I have read that… If you have never experienced the danger of battle, the loneliness of imprisonment, the agony of torture, or the pangs of starvation, you are ahead of 500 million other people in the world. If you can attend worship services at church without the fear of harassment, arrest, torture, or death, you are more blessed than three billion people in the world. Kay Warren
Is the quote above true for you?
Have you ever stopped to thank those that make it possible for you to live the life you lead?
This weekend America will honor our Military Veterans. People that have been willing to give everything they have so that people all across our world may experience Life, Liberty and the pursuit of Happiness!
Yesterday I was visiting with a woman whose husband and daughter had recently returned from a mission trip where they were helping Syrian refugees.
The refugees were primarily middle class families that left everything behind (homes, jobs, family, treasured keepsakes, toys…) and fled for their lives.
With no income and winter coming their physical needs are astronomical!
So both the husband and daughter were shocked when they discovered that the biggest need these people shared was not physical….
A Veteran, whether active duty, discharged, retired, or reserve, is someone who, at one point in his or her life, wrote a blank check made payable to The United States of America, for an amount up to and including his or her own life. Unknown
This Saturday is Armed Forces Day. In honor of the men and women that have written a blank check for their lives in exchange for our freedom I asked several friends to help us understand their choice… Adonis Phillips, Joseph Pullen, David Groce and LaDine Roth Cravotta are Veterans, Cathy Herring is a mother of a Veteran.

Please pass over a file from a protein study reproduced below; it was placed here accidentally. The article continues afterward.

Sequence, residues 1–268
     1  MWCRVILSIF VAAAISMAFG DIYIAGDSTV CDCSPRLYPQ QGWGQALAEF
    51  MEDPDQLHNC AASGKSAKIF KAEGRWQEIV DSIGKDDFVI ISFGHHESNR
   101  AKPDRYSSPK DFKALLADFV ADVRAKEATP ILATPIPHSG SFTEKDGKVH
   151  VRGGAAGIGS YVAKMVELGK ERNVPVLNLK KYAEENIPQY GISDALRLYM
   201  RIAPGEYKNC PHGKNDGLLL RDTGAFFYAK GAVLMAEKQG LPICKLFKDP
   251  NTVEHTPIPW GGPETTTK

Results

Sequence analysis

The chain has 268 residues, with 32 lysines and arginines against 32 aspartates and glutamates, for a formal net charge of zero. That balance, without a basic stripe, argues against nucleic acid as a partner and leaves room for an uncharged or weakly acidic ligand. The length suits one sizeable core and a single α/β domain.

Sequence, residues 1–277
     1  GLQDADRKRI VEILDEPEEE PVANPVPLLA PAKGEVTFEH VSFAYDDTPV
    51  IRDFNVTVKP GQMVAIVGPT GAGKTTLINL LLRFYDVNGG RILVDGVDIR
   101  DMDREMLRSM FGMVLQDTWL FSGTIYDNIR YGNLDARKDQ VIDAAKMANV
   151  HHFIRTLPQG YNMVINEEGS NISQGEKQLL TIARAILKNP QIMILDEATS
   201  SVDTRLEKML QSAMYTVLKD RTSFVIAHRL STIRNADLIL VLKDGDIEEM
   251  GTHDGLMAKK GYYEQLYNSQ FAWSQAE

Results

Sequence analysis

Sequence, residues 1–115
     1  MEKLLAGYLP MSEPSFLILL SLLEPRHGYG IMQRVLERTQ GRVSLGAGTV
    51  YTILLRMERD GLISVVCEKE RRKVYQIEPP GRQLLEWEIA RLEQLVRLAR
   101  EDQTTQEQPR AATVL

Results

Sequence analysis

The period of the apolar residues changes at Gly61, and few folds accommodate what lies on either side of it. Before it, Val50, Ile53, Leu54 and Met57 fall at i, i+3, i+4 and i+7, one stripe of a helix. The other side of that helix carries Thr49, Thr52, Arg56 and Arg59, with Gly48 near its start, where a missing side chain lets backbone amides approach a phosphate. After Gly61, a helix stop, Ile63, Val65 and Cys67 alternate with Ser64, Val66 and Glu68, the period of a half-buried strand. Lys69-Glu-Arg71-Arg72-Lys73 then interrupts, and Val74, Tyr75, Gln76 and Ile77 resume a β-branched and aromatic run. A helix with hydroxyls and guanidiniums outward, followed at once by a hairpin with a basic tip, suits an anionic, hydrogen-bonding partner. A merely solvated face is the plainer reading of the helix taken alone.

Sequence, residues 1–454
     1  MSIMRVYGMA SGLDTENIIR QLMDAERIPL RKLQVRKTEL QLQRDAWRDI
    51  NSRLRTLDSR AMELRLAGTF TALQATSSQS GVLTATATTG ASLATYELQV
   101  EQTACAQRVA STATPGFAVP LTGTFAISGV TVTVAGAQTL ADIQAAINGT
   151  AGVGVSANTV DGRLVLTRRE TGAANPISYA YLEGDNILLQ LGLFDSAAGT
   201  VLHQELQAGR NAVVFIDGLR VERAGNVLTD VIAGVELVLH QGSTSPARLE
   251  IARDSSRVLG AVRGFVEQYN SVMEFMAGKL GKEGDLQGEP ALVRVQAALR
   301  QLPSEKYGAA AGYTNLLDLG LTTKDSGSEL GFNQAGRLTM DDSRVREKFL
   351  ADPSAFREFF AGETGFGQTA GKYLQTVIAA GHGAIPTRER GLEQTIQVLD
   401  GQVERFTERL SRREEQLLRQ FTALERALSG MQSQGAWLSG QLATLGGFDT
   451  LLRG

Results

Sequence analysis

Today is October 11, 2012. In one month our nation will celebrate Veterans Day in honor of those who have sacrificed precious time with their families, their physical safety and often their mental well-being, and so we can live in a free country.
Over the past several weeks I have had many unexpected conversations with mothers of returning veterans, with spouses of returning veterans, and with people who provide services to veterans. In every case they have emphasized the enormous struggles these men and women are facing:
My Grandfather was a WWII Battle of the Bulge Veteran and although his nature was to accept whatever life handed him and to move on, the memories of the brokenness and devastation that the war created left a shadow of questions that haunted him.
For years he did his best to cope, while raising a large family and tending to a farm. When his youngest grandchildren started asking about the war he found some healing by sharing stories with family and fellow veterans, but the questions themselves remained.
In 2004, 60 years after the battle he accompanied a number of veterans back to those battlefields. Considering the devastation of the homes, the cities and the lives that were directly impacted by the battles, grandpa was not sure what kind of a welcome they would receive. Much to his surprise, everywhere they went they were treated as heroes!